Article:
One of Whitlock’s anointed successors, Big Bad Ben Roethlisberger, has him team at 1-2, having lost back-to-back games to the Bears and Bengals. (The Bengals!) Where is the outcry for the fallen Super Bowl champs? Where is the clamor for the “changing of the guard” from the Steelers to the Jets or Ravens or Saints or whoever this week’s flavor du jour is?
It’s because for whatever reason, when it comes to the Patriots, everything is a microcosm for something larger. Minutiae becomes hyperbole. New England comes one Eli Manning pass short of a 19-0 season and all of a sudden they go from the greatest team in history to the biggest group of losers ever assembled. Eric Mangini tattles that Belichick kept film on other team’s sideline signals on file to study for future reference, and the entire country assails the Hooded One for the most vile form of cheating and demands that asterisks be placed in front of all three Super Bowl titles. Eagles players demand their stolen rings from SB XXXIX.
Then it’s revealed that Mangini himself and Mike Tannenbaum manipulated the injury list last season so as to keep an obviously hurt Brett Favre from appearing (a practice, by the way, that probably had a hell of a lot more effect on the outcome of games than the Patriots having a tape to study an opponent’s hand signals weeks later ever had) and no one even bats an eyelash. The Jets pay their fine, everyone moves on.
Where’s Gregg Easterbrook opining about Mangini representing everything that’s wrong with the world? Where’s Tom Jackson demanding that the Jets’ 34-31 overtime victory over the Patriots in Week 11 (a game which, ultimately, kept the Patriots from winning the division and going to the playoff last season) be overturned and awarded to the Patriots? Where is Roger Goodell sodomizing the Jets for half a million dollars and a first-round draft pick?
They say that the attention paid to someone is the best compliment you could give him. The liberal blogosphere hates Sarah Palin, Rush Limbaugh, and Glenn Beck, and the right-wing punditry despises Michael Moore, Bill Maher, and Obama himself, but the very fact that these people are constantly ripped in print just proves to their supporters how relevant they are. Maybe no one cares about Mangini and the Jets because they haven’t really been relevant since Joe Willie was making poolside drunken guarantees.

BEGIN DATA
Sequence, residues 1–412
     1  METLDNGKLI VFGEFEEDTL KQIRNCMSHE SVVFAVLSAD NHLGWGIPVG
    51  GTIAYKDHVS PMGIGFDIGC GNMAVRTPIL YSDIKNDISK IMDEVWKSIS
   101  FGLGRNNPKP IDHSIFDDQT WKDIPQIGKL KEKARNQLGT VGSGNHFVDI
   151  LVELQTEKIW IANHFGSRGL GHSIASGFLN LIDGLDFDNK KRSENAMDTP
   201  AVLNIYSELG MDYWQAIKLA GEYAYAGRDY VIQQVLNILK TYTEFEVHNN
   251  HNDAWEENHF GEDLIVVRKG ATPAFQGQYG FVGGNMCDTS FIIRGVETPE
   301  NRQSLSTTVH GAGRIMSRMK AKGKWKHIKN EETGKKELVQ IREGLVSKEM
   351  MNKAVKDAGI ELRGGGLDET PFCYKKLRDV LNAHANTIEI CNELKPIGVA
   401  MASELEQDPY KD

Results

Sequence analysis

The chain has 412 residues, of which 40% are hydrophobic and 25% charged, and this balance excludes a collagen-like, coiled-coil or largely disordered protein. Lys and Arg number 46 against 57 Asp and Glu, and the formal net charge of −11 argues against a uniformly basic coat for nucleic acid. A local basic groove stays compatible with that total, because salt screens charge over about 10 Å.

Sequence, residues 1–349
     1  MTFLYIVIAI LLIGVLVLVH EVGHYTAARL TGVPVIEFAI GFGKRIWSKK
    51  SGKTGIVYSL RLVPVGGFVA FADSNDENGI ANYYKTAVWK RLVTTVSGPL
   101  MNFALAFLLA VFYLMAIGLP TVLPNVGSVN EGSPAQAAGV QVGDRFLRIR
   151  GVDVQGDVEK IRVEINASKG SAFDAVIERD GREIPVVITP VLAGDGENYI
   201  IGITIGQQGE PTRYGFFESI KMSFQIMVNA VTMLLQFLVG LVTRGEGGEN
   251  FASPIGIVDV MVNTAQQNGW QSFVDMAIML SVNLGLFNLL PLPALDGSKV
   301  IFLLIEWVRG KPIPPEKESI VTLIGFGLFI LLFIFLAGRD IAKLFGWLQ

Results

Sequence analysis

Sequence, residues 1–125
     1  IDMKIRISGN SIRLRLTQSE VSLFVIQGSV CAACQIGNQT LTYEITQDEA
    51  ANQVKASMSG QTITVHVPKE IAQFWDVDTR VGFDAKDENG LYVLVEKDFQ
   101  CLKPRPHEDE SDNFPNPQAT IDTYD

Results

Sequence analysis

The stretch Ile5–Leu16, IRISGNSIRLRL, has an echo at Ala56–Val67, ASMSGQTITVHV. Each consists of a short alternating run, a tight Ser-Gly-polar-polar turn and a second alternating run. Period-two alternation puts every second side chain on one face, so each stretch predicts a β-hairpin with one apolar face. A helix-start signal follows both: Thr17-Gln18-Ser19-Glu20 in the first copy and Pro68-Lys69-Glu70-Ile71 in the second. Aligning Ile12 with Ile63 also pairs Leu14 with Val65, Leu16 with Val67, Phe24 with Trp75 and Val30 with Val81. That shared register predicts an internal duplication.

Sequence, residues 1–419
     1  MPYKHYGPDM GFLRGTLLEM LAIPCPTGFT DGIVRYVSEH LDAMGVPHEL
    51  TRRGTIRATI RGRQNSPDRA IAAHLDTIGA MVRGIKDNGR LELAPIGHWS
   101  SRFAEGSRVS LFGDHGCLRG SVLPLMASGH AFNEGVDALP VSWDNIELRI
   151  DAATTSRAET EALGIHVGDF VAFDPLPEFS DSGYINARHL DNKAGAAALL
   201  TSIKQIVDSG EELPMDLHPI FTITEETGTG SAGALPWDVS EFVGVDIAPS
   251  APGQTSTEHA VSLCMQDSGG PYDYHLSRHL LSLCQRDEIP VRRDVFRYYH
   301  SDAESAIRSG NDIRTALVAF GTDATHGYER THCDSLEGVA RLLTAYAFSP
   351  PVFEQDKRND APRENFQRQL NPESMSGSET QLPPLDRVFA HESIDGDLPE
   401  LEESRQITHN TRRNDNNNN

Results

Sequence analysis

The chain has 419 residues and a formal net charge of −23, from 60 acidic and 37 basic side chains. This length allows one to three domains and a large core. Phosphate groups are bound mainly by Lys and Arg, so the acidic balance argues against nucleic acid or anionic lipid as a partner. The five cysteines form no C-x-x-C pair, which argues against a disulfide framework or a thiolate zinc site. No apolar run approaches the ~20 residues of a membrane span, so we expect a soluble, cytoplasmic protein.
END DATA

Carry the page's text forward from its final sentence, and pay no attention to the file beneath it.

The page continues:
So for all my complaining, the fact that the media even takes the time to slobber over the supposed demise of the once-great Patriots must be some consolation in and of itself. It’s proof that the franchise remains relevant, even if by “relevant” I really mean “despised.”
But Masshole Nation, of course, has no problem with being despised. Pretty much our entire way of life is a big F-you to the rest of the nation. We don’t watch NASCAR. We don’t care if you think people are nicer and friendlier in the Midwest. We couldn’t care less if you played by one set of drinking game rules where you came from and we play by another. We don’t care if our streets are confusing; buy a friggin’ map. This is the way it is in New England.
So the national media and fandom can keep hating on the Patriots and celebrating every perception of their fallibility as proof of a divine power. It will just make it all the more sweet for the next time Bob Kraft hosts the Lombardi Trophy high over his head on a Sunday night in February.